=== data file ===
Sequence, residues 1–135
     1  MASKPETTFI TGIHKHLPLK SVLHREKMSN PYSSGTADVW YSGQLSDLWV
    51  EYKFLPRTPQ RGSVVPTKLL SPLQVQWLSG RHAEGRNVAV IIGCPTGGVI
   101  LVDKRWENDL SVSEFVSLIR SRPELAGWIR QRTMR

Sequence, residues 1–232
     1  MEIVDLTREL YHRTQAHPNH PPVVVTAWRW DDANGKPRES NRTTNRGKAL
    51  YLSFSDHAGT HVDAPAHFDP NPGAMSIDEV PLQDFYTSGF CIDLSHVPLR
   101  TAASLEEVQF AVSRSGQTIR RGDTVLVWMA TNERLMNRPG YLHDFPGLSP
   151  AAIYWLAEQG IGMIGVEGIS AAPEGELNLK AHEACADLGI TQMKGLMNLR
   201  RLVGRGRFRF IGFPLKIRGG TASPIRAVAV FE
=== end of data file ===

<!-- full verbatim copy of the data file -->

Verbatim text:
Sequence, residues 1–135
     1  MASKPETTFI TGIHKHLPLK SVLHREKMSN PYSSGTADVW YSGQLSDLWV
    51  EYKFLPRTPQ RGSVVPTKLL SPLQVQWLSG RHAEGRNVAV IIGCPTGGVI
   101  LVDKRWENDL SVSEFVSLIR SRPELAGWIR QRTMR

Sequence, residues 1–232
     1  MEIVDLTREL YHRTQAHPNH PPVVVTAWRW DDANGKPRES NRTTNRGKAL
    51  YLSFSDHAGT HVDAPAHFDP NPGAMSIDEV PLQDFYTSGF CIDLSHVPLR
   101  TAASLEEVQF AVSRSGQTIR RGDTVLVWMA TNERLMNRPG YLHDFPGLSP
   151  AAIYWLAEQG IGMIGVEGIS AAPEGELNLK AHEACADLGI TQMKGLMNLR
   201  RLVGRGRFRF IGFPLKIRGG TASPIRAVAV FE